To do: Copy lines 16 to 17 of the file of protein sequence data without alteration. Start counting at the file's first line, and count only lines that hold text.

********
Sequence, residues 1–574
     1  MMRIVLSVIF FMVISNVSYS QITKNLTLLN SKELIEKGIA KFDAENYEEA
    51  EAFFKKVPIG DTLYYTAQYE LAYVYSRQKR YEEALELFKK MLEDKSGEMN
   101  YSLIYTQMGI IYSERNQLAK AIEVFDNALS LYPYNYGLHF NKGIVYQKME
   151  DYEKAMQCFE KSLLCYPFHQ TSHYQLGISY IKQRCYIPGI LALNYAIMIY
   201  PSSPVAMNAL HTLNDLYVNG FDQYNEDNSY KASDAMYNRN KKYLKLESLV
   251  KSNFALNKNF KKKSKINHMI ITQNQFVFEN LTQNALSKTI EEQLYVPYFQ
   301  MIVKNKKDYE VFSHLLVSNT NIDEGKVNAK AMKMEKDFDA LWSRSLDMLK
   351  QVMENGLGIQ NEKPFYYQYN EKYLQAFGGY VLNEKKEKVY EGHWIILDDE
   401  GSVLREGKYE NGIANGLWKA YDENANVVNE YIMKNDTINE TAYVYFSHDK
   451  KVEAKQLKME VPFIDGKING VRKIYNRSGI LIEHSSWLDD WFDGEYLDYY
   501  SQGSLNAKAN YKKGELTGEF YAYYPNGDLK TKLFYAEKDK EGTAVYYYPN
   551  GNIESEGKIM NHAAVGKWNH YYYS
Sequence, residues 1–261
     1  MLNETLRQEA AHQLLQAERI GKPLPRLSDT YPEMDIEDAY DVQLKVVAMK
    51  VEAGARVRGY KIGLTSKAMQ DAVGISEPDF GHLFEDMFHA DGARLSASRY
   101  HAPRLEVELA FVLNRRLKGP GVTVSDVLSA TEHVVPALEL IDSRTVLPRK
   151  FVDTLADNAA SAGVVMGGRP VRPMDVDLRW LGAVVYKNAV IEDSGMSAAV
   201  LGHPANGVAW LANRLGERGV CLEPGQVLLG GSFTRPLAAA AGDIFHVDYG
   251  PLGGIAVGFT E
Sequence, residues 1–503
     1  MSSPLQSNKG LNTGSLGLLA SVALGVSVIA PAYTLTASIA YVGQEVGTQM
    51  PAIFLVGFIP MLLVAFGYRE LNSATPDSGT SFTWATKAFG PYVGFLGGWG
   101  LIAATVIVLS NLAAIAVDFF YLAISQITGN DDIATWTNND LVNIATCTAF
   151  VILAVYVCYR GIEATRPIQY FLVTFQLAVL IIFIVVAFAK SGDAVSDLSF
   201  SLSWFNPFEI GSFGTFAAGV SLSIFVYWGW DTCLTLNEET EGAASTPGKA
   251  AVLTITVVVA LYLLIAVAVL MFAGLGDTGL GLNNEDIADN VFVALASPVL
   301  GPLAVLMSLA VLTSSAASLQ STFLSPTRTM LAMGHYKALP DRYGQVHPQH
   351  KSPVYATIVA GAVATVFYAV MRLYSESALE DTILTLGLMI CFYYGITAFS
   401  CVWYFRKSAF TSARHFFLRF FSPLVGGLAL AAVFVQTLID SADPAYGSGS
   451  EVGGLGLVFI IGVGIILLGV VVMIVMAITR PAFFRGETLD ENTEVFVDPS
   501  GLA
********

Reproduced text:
    51  VEAGARVRGY KIGLTSKAMQ DAVGISEPDF GHLFEDMFHA DGARLSASRY
   101  HAPRLEVELA FVLNRRLKGP GVTVSDVLSA TEHVVPALEL IDSRTVLPRK